Even when Chinese officials and companies communicate their sense of accountability — however imperfectly by U.S. standards — the United States should nevertheless welcome that step. After all, it reflects a growing sense of responsibility and concern for safety. Chinese officials’ efforts to build trust can create a more virtuous cycle that can impact broader U.S.-China relations and the countries’ joint global responsibilities.

Traditionally, Americans have not been satisfied with China’s response to U.S. concerns — and labeled a lack of “direct answers” as evasive. An important part of the problem is that Americans have generally been at a loss when facing non-prostelyzing cultures such as China because Americans prefer their own style of contrition and “direct marketing” of core values. For example, China’s efforts to appreciate the yuan should be reaffirmed, not completely dismissed — because the U.S.-China trade imbalance still exists. The appreciation process took two to three years, in part because of concerns over stability — something Americans tend to take for granted.

U.S. affirmation in this regard could help de-escalate trade and currency battles, creating an enabling environment for addressing other issues. Furthermore, China’s efforts in international accountability also set the bar higher in its growing domestic market, for example in food quality. The more the government provides information on health and safety issues to the media, the stronger the enabling environment for corporate accountability. As a result, there is growing confidence that Chinese markets will in fact adjust themselves.

If Chinese and U.S. companies demonstrate best practices together, they would then be in a position to lead the charge for accountability. Such a step, though, requires more humility from Americans — in recognizing that the United States has to meet its own challenges in corporate governance. In short, the United States’ and China’s ability to apply their combined problem-solving power within the context of positive and reinforcing relations requires leadership and partnerships between many communities in their respective countries.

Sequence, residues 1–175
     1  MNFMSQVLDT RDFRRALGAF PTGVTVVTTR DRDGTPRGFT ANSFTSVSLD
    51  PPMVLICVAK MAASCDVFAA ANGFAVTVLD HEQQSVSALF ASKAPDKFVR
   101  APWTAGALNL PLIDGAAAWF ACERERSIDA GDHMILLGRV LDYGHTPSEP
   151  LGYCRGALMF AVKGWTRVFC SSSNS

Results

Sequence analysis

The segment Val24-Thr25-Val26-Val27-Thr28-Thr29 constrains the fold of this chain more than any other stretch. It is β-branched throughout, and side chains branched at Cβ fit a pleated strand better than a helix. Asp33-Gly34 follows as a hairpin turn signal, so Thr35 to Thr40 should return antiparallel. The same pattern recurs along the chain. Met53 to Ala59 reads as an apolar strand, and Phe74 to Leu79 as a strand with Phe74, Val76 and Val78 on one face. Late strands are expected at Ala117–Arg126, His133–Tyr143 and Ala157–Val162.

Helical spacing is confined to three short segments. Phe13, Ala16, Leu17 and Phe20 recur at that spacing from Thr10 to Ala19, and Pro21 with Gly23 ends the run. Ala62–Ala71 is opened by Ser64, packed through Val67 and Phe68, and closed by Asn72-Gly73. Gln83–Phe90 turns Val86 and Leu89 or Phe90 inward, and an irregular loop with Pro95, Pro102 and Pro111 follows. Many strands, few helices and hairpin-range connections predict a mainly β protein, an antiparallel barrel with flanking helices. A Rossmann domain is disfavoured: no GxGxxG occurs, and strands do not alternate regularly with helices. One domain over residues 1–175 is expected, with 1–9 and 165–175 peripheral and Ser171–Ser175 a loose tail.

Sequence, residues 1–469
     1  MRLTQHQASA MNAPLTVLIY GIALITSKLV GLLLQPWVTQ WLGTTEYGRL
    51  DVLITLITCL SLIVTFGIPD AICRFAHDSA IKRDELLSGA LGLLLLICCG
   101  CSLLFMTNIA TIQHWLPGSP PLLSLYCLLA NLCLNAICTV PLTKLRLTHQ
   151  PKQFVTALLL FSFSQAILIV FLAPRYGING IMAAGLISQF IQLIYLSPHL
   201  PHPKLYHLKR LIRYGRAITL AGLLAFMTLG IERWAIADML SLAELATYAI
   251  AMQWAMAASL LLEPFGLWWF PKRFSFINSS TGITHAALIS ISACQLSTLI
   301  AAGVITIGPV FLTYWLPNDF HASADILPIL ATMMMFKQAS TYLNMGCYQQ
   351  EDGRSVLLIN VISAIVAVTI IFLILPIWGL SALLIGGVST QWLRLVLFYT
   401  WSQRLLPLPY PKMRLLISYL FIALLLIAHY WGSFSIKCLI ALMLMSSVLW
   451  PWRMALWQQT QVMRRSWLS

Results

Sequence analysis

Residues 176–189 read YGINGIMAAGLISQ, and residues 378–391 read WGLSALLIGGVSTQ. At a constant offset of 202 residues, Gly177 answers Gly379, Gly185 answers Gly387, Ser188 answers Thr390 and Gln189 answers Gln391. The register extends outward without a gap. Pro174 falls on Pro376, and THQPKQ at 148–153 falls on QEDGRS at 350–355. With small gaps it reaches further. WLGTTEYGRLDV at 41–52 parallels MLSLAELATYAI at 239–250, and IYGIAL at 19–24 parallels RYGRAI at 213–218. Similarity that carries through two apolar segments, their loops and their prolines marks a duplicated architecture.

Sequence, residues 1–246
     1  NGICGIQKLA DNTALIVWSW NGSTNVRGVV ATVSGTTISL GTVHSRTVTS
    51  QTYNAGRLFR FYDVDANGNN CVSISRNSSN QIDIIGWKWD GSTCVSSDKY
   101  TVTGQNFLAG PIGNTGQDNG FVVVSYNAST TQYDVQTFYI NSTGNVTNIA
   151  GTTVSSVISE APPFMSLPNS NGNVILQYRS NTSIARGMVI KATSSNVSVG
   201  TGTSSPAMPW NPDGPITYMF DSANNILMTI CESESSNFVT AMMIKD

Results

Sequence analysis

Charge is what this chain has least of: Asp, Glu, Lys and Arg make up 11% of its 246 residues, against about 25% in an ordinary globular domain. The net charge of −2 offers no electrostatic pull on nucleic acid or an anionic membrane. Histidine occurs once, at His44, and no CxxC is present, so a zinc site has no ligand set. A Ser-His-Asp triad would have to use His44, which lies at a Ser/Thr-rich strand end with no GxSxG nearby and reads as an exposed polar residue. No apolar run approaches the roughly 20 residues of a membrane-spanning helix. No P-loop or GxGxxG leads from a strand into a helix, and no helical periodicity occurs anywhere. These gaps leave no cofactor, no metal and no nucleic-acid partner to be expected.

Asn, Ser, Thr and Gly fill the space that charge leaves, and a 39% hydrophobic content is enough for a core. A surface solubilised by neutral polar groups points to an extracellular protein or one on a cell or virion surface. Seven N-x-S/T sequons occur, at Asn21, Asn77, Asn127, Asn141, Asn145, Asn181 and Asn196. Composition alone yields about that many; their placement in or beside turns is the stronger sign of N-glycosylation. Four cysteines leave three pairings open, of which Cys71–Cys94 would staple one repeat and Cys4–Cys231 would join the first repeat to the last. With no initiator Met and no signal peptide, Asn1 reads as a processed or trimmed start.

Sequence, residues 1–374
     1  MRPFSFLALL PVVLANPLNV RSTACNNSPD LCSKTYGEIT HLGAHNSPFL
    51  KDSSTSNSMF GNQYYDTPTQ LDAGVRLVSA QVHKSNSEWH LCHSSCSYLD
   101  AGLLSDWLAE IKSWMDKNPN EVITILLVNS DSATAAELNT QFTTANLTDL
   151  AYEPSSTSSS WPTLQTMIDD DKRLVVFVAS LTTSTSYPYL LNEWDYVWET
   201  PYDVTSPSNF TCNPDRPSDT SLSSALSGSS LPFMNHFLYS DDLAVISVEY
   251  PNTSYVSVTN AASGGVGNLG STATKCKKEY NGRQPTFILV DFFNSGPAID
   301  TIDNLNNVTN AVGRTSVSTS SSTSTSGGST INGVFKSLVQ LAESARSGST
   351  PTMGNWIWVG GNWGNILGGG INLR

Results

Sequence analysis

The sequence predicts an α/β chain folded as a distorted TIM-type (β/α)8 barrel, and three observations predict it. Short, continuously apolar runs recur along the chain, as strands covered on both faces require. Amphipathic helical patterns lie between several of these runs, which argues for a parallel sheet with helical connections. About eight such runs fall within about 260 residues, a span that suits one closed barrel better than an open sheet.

The voice of politicians and the role of middle classes is not enough. The United States and China also need to solicit and promote the cultural, business, finance, philanthropic, non-profit, consumer, labor and academic perspectives. In addition, they will need to focus on efforts to make progress on their parallel predicaments in carbon output, economic inequality and maintaining trade.

If the effort to meet rising expectations were to result in each side acting responsibly, that would help stabilize what otherwise can be a fragile — if not potentially explosive — chain of global investments. Co-management does not imply that the United States renounces its values: Co-management can increase existing U.S. influence at the intersection of human rights and politics in places like Darfur and Burma. Many states look to China’s — not just the United States’ — economy as models of success. This spotlight gives both nations even more impetus and credibility to clear the air in Beijing and Los Angeles (as well as between their two countries).

The agenda is indeed large: Revamp energy, transport and health sectors, and discuss trade and currency issues as they would with a long-term co-manager. If the collective American mind maintains that peaceful coexistence in the “superpower space” is impossible, U.S.-China collaboration can never be built on trust and good intentions. However, if the United States focuses less on threats, retaliation and concessions and more on problem-solving, this constructive view can see real results.